• This article helped me a ton. Started off photography illiterate and was mainly just point and shoot. The focus lock alone is a big improvement. Thanks 🙂

    • Hi Ryan. Glad you found this helpful 🙂

  • tip #4 and #5! 🙂 thank you for this useful guide.

  • Barry Steil

    is there any way to impose a date on the photo. Legal types need to have date stamp on photos

  • Sam Nipius

    Wow. I found this article randomly through Google and now I see that it’s written by you! Great article Emil! How’s life?

  • Kathy

    Could you walk us through the proper way to use/set flash? I seem to always get color distortion. Thank you!

  • Gwenn

    Thank you so much. Just really started paying attention to using my iPhone 5S camera. I usually always have my Nikon with me. These are great tips for when I do not. Much appreciated.

    • So glad to hear you found these tips useful Gwenn 🙂

  • Mk Word

    Really want to improve your iPhone photos? Get the Camera+ photo app. It pioneered several of the new features you find on the regular iPhone camera, but adds several more, as well as possibly the best set of filters available. It also allows you to make full use of the 16:9 screen and shoots photos to fit. I’ve used the OME camera on various iPhones and I’ve tried a lot of the other various camera apps available … but I always come back to using Camera+.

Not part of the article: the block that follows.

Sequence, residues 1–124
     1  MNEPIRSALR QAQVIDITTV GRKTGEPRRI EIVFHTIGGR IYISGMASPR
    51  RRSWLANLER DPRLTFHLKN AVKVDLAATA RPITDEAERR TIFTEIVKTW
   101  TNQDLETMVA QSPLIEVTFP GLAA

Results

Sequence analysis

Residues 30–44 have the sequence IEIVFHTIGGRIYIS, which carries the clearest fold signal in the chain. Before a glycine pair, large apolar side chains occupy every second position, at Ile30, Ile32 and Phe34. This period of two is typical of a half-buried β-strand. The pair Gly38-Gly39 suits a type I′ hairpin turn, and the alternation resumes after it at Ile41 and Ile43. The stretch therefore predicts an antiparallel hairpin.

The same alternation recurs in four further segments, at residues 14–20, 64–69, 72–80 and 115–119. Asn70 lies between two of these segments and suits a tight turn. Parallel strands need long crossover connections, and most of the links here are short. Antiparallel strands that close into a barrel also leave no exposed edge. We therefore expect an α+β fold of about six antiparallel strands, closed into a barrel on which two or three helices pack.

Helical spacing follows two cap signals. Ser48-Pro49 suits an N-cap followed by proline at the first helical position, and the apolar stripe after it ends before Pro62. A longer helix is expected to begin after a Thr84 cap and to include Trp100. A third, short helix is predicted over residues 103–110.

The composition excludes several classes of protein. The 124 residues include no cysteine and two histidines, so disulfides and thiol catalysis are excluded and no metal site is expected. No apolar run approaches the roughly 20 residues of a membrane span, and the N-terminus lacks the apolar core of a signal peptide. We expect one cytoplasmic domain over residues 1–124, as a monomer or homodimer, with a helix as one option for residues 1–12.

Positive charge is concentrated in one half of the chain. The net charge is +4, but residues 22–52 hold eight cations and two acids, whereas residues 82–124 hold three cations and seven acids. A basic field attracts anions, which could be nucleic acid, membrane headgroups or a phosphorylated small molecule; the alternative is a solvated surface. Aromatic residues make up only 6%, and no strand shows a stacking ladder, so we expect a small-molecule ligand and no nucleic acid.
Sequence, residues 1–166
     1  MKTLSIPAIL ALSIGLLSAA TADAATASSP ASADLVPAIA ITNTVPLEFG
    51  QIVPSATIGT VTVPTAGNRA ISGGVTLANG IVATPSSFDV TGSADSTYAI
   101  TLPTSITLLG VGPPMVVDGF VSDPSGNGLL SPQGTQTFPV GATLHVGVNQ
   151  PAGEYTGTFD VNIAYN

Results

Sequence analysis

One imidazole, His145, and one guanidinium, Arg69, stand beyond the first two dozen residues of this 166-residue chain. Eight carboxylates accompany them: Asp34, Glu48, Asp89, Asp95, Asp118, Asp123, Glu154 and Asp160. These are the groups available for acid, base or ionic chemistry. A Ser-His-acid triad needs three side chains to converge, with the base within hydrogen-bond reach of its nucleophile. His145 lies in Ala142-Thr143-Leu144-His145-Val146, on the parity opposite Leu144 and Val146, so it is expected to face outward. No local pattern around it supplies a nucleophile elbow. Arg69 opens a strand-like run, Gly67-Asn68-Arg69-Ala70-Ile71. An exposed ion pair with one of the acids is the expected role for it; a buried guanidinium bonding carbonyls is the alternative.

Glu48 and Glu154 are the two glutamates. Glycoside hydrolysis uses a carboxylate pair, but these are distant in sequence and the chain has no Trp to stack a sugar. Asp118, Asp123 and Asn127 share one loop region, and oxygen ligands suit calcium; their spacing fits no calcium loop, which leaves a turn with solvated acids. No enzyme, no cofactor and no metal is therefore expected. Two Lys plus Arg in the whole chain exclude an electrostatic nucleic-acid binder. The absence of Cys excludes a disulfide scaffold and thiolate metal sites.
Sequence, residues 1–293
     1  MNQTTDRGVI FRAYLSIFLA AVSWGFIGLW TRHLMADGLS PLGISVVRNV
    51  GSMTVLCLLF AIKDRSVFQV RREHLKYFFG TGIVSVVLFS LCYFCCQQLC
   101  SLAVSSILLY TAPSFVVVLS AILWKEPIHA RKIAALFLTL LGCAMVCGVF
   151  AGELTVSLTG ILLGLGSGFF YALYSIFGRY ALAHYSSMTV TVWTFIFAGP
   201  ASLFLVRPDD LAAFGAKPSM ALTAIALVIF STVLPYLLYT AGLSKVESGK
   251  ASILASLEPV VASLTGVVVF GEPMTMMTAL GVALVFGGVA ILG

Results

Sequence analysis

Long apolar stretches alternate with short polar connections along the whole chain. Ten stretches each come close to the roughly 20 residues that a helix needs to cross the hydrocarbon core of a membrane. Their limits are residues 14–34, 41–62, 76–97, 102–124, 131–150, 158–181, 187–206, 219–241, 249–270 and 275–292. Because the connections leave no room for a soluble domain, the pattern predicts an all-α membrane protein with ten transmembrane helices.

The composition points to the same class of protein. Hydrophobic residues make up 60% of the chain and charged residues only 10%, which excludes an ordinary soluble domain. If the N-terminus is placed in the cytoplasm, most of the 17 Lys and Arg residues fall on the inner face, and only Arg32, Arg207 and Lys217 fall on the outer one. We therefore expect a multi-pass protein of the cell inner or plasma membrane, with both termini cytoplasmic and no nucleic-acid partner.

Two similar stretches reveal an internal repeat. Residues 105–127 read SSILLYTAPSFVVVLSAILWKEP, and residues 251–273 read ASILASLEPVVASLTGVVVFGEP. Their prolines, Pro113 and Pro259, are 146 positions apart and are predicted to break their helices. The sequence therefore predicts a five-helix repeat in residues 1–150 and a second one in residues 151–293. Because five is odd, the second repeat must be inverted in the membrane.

• Chomps Snack Sticks™

    Good stuff!

  • Roosvansia Sipahutar

    Nice… Thanks for sharing.

  • Fuad Efendi

    What about “How to use optical zoom” and “How and when to use digital zoom”? I cannot find. Thanks for excellent article!

  • boomeractivist

    very good help on how to use the iPhone to best advantage

    • Happy to hear you found this helpful 🙂

  • I have had iPhones for years & didn’t know half of these options existed – thanks for sharing such useful tips!

    • It’s amazing what great features are hidden away within these apps isn’t it! Glad you found this useful Becky 🙂

  • Tia

    I had no idea that I could use the headphones as a remote! Very helpful tip, thank you!

    • Laine Rudolfa

      I’m happy to hear that you found the headphones tip useful, Tia! 🙂

  • Khizer Hayat Khattak

    Hi wonderful tips for a beginner like me and I really liked the idea of taking photos with volume buttons. Well I am looking for a photo effect/filter where you can actually blur the edges/corners of your photo